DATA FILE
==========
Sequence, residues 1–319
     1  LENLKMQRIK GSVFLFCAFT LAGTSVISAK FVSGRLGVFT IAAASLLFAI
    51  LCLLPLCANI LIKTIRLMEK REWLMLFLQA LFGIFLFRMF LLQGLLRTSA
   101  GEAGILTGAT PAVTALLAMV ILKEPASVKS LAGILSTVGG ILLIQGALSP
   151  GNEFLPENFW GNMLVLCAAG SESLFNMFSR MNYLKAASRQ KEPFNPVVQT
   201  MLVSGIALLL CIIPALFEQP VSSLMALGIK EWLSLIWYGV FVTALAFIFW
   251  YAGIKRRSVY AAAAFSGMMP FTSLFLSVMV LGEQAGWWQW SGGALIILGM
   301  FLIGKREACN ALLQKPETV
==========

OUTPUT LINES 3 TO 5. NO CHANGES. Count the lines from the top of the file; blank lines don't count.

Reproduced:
    51  LCLLPLCANI LIKTIRLMEK REWLMLFLQA LFGIFLFRMF LLQGLLRTSA
   101  GEAGILTGAT PAVTALLAMV ILKEPASVKS LAGILSTVGG ILLIQGALSP
   151  GNEFLPENFW GNMLVLCAAG SESLFNMFSR MNYLKAASRQ KEPFNPVVQT